It’s not the first company to commit such a tech faux pas and it won’t be the last. However, the public fallout united both Canadian consumers and politicians who were eager to play a bigger part in a repair battle that has been brewing behind the scenes for years.

“It’s not like we haven’t had these conversations in Canada before,” says NDP politician Brian Masse. The Windsor West MP first started a very public debate over right-to-repair back in 2008 when he introduced private member’s bill C-273. The legislation was designed to give independent car garages access to specialized software data that, up until then, automakers kept under lock and key.

“It became absurd the barriers consumers faced,” Masse explains. “You had situations where cars that needed to be fixed couldn’t [be]. They were on the road longer because carmakers wouldn’t share simple software with independent garages,” he says, emphasizing that new-age machinery has changed the repair industry for good. “Fixing cars or technology products in general is more than just nuts and bolts now.”

His efforts were somewhat successful when then federal industry minister Tony Clement pushed ahead with a voluntary agreement that allowed auto companies to opt out of sharing data in certain conditions.

Masse is hoping to make a difference once again with a newly-tabled digital rights bill that, among many other things, advocates for better repair rights.

“It’s not just about Apple but all companies that change your device without your consent or prevent you from finding other repair options because they claim their proprietary technology can’t be shared,” he says.

He isn’t sure if his legislation will succeed but remains committed to the issue because whether or not people want to accept it, ever-tightening repair rules will one day impact everyone. “It’s not just consumer rights, but public safety and the environment that is affected. Everything is somehow touched by technology and the general public deserves to have a choice.”

In the absence of federal laws, a variety of tech forums are being established. International repair site iFixit is one of the many that have stepped in to serve desperate consumers around the world.

The company, which launched a Toronto store last year, sees 100 million people visit its site every year looking for diagnostic advice. As such, it operates in a somewhat legally grey area by providing user-generated tips and kits that help consumers repair their devices.

“So much waste is shipped overseas or dropped here [in the U.S.] because manufacturers won’t share critical repair documentation,” says Kelsea Weber, the company’s outreach coordinator. “If we can get more people to fix their own electronics, we can make an impact.”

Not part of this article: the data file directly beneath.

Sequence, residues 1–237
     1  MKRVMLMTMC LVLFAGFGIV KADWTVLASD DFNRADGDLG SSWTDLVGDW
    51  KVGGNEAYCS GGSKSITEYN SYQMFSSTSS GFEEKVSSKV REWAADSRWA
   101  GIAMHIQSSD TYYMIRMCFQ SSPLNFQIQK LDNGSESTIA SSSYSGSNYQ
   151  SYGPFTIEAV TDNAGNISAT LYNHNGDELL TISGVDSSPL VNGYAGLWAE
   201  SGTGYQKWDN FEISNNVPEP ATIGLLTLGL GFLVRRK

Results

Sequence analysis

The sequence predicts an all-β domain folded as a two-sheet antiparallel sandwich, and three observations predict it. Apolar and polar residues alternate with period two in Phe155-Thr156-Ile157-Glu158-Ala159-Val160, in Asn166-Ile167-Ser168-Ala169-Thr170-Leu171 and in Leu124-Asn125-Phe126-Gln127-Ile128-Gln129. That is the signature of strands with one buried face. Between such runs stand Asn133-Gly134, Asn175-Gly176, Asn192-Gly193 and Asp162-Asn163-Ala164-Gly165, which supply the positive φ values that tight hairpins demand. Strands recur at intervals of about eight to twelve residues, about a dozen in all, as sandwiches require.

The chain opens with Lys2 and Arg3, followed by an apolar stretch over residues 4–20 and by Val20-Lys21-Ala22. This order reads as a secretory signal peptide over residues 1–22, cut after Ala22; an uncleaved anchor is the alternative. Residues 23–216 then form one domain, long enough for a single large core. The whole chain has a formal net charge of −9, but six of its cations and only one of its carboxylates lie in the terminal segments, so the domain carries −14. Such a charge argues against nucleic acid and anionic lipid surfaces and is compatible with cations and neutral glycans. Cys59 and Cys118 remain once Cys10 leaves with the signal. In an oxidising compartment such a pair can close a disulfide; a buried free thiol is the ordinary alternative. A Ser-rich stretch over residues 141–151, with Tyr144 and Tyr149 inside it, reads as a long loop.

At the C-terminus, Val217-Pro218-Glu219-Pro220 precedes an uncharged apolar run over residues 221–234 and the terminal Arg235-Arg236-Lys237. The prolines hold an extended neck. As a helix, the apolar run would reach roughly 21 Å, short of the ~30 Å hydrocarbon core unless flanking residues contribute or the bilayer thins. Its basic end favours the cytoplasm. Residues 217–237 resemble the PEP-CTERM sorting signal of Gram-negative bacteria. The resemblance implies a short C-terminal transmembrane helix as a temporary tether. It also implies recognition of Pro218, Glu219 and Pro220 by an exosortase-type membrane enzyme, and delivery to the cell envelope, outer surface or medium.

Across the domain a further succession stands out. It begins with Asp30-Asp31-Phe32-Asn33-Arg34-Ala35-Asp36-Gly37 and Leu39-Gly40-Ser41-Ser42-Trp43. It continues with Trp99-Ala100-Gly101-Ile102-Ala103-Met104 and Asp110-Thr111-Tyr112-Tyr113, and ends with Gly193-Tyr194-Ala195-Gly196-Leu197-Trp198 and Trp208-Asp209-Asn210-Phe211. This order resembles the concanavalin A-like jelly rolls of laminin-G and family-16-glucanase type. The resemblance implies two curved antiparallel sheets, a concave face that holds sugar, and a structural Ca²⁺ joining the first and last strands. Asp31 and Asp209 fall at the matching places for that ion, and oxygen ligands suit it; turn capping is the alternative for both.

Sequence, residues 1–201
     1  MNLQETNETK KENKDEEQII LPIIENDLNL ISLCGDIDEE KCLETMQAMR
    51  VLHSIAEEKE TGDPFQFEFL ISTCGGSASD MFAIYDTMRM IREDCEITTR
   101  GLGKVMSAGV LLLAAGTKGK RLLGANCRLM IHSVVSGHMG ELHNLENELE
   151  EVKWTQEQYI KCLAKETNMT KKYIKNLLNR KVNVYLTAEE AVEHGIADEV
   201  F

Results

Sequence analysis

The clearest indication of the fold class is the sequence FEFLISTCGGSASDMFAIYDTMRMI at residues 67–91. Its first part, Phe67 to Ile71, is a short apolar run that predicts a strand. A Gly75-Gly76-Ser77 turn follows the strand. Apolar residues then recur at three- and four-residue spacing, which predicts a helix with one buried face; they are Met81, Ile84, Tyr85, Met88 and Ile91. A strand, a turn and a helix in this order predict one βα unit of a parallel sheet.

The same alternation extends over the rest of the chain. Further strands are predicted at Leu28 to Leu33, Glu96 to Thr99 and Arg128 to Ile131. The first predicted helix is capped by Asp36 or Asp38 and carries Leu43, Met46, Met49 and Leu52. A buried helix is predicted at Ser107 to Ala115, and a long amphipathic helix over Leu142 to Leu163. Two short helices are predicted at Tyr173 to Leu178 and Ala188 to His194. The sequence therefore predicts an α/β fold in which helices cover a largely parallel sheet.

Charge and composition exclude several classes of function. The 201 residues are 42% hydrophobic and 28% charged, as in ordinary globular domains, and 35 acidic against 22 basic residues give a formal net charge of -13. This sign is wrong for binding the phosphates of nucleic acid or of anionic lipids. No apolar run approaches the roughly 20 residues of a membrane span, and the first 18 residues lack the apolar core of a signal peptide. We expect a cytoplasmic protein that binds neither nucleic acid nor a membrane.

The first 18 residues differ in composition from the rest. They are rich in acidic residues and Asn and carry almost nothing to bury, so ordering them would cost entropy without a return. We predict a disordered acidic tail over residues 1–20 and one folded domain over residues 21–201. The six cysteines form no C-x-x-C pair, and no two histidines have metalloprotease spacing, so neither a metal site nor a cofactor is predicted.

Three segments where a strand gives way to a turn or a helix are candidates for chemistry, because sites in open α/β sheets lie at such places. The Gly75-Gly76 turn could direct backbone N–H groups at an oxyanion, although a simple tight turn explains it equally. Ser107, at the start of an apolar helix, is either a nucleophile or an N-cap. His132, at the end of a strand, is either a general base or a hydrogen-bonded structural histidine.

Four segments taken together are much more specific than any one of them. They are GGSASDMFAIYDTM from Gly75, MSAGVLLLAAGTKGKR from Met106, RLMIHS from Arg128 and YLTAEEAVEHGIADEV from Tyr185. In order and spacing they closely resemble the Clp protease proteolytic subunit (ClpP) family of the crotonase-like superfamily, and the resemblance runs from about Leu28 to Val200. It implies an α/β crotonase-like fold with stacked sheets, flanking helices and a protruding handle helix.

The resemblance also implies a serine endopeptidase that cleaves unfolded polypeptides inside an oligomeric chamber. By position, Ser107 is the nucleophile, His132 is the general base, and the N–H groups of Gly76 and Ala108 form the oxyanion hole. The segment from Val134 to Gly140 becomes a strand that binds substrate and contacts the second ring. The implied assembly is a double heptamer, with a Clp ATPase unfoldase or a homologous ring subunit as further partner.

In fact, even when companies offer complimentary parts or services a la Apple, people still “fall through the cracks,” Weber explains. People living in rural areas where repair centres aren’t available or consumers who can’t afford to live without their devices like smart stoves are at a severe disadvantage, he says.

Before getting too excited, however, it’s worth noting that consumers conducting repairs themselves often risk voiding any warranty covering the device in question.

Corynne McSherry, legal director for the Electronic Frontier Foundation, a world-leading digital rights group, views today’s right-to-repair movement as just the beginning of what’s to come. Repair rights is a complex pain point that has become easier to talk about but will take more time to permanently solve, she argues.

This issue is particularly pressing in light of the Internet of Things that is seeing more everyday tech relying on proprietary software or copyrighted technology. “No one should have to be a lawyer just to buy a refrigerator,” says McSherry. “There’s a lot of software today that makes our devices smarter but the cost of that is that it’s turning consumers into renters and not owners that don’t have a say over their own electronics.”

In the meantime, she suggests consumers make sure they read the fine print in their documents and seek out experts and groups to learn more about how they can help make a difference.

“I see [the right-to-repair movement] becoming more commonplace and you’re gonna see this momentum because people are going to be more aware of the limits they have,” says McSherry. “But it will take a combined effort.”